To be sure of full access to some of the box sections, a certain amount of drilling is required around the door areas. My car had been professionally treated when new in 1974 and already has plugs in the holes drilled in the outer sill at the rear end of the aluminium tread plate, just below the striker plate on the door pillar, and on the door itself at the rear edge at the point where the vertical face curves away to the joint on the bottom edge. You will need to carry out the first two drillings, but if you remove the door panels as suggested, you need not do the third drilling. You will need blanking plugs for these holes because they are exposed to view. There is also a hole at the front of the top of the outer sill close to the door seal. It is a very useful access to the front end of the outer sill.

The holes you need to drill are:

Remove the shaped aluminium strip which secures the edge of the rubber carpet and the draught excluder to the projecting vertical seam between the two sills
Drill three 5/16 inch diameter holes through the rubber carpet and the inner sill (one in the middle and one at each end) in such a way that the aluminium strip will completely cover them when you replace it. I was interested to see this section had been overlooked when the car was professionally treated - fortunately it is still in good condition.

Behind the seats the inner sill widens out to link up with the vertical panel across the front of the battery compartment
Carefully lift and turn back the rubber carpet to expose this area and now there is a double row of spot weld marks visible, you will need to drill one hole on each side of these welds because there appears to be a vertical web dividing the box section into two parts.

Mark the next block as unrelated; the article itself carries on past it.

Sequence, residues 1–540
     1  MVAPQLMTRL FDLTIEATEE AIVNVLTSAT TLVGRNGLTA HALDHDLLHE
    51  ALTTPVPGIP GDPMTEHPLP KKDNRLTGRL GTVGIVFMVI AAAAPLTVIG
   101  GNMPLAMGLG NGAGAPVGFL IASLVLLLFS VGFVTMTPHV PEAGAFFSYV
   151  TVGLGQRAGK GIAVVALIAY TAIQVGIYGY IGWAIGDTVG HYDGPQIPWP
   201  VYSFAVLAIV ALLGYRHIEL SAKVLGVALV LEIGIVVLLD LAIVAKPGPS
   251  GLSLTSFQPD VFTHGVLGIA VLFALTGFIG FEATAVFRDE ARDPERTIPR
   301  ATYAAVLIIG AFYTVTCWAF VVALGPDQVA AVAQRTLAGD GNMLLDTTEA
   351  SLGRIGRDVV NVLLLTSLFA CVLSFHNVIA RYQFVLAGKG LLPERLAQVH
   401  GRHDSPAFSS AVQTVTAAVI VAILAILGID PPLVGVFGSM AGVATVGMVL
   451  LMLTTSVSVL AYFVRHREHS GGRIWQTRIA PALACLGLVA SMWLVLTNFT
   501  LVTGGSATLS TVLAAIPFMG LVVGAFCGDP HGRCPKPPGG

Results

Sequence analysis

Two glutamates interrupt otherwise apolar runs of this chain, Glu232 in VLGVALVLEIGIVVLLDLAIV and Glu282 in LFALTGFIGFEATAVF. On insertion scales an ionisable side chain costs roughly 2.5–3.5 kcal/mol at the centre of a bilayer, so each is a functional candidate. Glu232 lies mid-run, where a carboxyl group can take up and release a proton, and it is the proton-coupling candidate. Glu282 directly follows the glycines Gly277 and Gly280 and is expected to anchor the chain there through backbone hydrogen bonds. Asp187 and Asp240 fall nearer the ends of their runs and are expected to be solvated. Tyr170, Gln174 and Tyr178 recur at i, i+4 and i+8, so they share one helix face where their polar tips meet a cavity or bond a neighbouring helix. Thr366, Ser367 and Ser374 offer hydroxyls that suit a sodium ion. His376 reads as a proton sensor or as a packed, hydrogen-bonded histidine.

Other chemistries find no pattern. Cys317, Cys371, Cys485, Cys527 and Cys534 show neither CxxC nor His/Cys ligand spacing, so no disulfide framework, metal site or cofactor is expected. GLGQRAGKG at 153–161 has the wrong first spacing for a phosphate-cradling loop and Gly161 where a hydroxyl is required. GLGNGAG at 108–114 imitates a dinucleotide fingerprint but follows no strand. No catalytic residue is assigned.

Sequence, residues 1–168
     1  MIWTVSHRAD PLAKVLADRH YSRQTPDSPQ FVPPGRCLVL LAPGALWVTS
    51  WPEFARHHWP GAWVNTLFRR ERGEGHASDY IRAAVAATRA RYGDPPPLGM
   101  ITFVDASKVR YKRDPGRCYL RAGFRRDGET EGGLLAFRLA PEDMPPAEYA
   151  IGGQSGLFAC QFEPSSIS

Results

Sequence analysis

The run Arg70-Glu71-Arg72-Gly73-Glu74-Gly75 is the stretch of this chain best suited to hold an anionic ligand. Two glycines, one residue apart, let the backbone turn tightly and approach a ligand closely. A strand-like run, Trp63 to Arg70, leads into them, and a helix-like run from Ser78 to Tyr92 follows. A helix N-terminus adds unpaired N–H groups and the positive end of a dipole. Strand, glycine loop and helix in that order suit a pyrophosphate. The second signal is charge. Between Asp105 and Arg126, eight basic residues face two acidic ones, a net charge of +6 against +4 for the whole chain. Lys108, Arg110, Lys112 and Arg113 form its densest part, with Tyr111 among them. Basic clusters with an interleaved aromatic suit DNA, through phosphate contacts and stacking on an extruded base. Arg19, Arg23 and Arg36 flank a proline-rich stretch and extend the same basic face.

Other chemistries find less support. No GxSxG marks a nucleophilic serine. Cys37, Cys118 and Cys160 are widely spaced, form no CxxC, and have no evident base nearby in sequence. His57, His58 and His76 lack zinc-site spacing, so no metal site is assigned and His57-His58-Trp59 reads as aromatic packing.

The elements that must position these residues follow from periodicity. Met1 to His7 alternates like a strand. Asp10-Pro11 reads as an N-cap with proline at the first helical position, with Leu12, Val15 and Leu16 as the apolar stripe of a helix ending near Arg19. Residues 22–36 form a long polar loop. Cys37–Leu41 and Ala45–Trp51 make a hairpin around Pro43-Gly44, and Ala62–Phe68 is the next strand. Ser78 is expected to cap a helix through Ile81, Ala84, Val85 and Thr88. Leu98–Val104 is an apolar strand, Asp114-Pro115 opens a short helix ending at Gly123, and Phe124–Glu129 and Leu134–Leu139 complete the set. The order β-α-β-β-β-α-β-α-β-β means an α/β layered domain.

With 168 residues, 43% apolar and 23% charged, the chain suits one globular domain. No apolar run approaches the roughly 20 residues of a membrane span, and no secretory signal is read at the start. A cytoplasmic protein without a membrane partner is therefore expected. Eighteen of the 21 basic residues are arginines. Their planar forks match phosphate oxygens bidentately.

Now having done the preparation, let's get on with the messy bit - but really it is not that bad! Waxoyl is relatively clean and harmless stuff to use and if you are reasonably careful, you should not put it anywhere except where you want it. There are two basic operations - injection and spraying. I did the injection first.

Injection
Fit the long plastic tube with the "nail" in the end to the Waxoyl gun. The "nail" is a diffuser or spreader and should not be adjusted for best effect before starting. This is the one time when you are likely to get in a mess! At the front of the car, there are two main box section chassis members supporting the engine and gearbox unit. You should find two small plastic plugs or rubber bungs, one at each side of the base of the radiator, giving access to these box sections. Extract these bungs and put them in a safe place for refitting later. With the Waxoyl gun set up for injection, carefully push the long plastic tube through one of the holes in the direction of the rear of the car, working it back as far as it will go - almost its full length.

With the suction pipe well immersed in the Waxoyl can and gun and delivery pipe fully primed, give the trigger a fast powerful squeeze about once every second (giving it time to suck up another full charge from the can) and withdraw the probe about ½ inch after each squeeze of the trigger until the end of the tube appears at the hole again. But be warned the probe can get stuck! You will need to be patient as you may have to feed the tube back in again a little and apply a twisting action until you can free it. Do not be tempted to pull hard on the tube or you will probably rip the "nail" out of the end of the tubing and that will be the end of your nice spray pattern inside the section intended to coat all the internal surfaces.
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Having successfully done the rear part of the front chassis, turn the probe around and feed it forwards as far as the bumper, repeating the injection sequence as before. When complete, do the other side in the same way and then replace the bungs.